eLearning is changing, but newer doesn't always mean better. In this article we take a look at some technology history and delve into why SCORM still matters.
There has been a lot of information out there, okay, I’m kidding there hasn’t been much of anything when it comes to course standards. At least not in a long time.
Rather the focus has been on course development and frankly, courses. I’ll readily admit that regardless of the course standard you use, if you create click-click-click courses, than no course standard will make it engaging. Bad is bad. Boring is boring.
eLearning consultants are specialists in the field. They can handle a wide range of tasks, from developing multimedia content for your next online training course to offering advice on how to improve your online training ROI.
Learners in 2016 are different to learners in 2010. Modern learners want bite-sized learning that they can complete during breaks in work hours. They want mobile learning they can quickly consume on their smartphones. And they want to be entertained and challenged with games!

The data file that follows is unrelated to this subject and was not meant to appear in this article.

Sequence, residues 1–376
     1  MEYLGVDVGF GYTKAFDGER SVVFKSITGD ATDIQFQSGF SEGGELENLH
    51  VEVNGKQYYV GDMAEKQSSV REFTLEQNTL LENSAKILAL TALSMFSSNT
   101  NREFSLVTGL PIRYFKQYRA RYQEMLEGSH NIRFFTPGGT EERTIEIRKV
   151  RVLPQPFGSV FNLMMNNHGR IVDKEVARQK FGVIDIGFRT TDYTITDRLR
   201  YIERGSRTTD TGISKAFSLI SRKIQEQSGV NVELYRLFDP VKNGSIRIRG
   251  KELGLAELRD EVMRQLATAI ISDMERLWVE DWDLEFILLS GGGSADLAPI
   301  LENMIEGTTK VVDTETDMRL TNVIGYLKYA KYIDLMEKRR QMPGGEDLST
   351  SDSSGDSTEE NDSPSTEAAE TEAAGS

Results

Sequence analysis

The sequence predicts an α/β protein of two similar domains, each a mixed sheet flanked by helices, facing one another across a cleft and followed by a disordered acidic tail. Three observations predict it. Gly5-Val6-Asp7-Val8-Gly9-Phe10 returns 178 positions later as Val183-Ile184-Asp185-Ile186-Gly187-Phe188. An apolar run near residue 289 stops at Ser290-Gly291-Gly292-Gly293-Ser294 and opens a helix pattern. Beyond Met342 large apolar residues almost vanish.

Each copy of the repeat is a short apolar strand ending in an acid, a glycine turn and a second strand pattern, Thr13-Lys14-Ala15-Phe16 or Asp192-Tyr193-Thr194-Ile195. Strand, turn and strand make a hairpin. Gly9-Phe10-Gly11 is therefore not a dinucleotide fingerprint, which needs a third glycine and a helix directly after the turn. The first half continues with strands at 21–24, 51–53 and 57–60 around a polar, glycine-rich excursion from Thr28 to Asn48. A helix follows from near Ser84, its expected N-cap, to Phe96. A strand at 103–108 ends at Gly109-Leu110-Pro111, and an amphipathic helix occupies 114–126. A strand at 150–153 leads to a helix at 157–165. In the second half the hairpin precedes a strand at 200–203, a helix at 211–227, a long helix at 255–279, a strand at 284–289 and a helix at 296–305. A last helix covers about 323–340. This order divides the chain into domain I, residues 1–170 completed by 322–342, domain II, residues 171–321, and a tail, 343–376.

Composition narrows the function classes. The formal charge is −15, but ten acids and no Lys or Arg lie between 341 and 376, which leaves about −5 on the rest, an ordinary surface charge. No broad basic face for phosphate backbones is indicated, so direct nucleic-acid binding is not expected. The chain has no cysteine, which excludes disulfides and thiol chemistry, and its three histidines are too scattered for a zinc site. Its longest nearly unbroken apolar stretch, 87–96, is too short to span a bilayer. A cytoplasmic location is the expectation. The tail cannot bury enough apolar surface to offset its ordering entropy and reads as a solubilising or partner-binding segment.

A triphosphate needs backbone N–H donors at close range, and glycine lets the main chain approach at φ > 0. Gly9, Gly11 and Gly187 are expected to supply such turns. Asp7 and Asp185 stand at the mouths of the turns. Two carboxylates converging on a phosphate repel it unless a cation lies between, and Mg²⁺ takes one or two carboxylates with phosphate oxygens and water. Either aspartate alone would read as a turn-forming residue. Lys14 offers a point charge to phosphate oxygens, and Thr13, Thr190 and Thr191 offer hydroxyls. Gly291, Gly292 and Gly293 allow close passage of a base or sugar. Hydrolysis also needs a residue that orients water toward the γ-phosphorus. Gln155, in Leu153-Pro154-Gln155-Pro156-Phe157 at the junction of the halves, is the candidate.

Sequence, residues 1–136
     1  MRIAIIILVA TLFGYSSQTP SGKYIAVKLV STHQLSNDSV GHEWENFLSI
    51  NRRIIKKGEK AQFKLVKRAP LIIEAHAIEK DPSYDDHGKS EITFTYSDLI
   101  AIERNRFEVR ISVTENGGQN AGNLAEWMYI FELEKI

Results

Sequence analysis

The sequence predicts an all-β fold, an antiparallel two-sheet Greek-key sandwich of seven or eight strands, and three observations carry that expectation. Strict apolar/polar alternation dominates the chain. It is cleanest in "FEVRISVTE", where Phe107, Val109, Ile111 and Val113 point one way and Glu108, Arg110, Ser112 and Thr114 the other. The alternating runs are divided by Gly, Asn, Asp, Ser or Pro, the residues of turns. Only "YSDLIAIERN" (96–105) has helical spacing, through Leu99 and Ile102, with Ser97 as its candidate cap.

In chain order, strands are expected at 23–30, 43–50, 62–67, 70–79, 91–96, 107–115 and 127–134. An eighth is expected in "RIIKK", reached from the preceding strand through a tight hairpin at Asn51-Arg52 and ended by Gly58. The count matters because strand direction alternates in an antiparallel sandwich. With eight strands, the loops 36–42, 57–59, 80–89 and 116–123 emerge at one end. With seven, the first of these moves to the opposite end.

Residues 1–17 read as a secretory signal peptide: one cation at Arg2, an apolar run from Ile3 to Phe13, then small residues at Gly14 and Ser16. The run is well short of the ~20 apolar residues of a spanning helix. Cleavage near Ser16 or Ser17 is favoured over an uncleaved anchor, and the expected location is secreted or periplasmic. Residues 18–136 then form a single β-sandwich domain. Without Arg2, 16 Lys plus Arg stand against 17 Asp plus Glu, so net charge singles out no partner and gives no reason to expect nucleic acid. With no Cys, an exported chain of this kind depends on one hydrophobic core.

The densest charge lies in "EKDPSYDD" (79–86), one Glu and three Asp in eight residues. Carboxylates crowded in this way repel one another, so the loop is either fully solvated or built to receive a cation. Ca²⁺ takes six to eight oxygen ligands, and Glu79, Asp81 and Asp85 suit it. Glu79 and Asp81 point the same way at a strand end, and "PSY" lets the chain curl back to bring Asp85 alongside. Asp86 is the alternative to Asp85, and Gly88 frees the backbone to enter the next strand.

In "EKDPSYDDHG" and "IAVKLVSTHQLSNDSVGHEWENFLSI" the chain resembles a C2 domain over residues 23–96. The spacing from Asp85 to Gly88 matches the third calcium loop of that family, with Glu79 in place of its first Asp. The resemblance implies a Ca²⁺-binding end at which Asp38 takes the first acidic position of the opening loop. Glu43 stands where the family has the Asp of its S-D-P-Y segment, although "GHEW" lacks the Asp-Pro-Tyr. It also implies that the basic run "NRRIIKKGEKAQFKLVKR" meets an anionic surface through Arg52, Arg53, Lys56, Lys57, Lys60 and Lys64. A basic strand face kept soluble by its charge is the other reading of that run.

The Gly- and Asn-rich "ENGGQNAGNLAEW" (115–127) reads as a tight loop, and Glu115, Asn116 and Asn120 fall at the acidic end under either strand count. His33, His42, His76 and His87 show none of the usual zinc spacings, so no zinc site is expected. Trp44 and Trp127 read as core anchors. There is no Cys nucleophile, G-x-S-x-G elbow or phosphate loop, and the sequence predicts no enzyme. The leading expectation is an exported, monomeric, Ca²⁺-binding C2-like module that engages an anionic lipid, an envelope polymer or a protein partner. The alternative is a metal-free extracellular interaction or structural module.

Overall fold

If you’ve been an instructor or a student in a class in higher education in the last 10 years, you probably used a learning-management system or LMS. There are plenty to choose from, including Blackboard, Canvas, Sakai, Moodle and D2L. Many of these systems started as small, nimble startups but have grown into large “learning-technology” organizations as they have matured.
eLearning authoring tools are an increasingly popular way for trainers and employers to train their staff. It is also a great medium for teachers to spread their knowledge with their students.
In 2015, the Polish government launched an online repository of open, Creative Commons Attribution-licensed e-textbooks, covering the core curriculum for primary and lower secondary education. After five years, open education activists finally saw their advocacy work bear fruit. In parallel, the government changed the textbook funding model, which translated into massive cost savings for parents and students.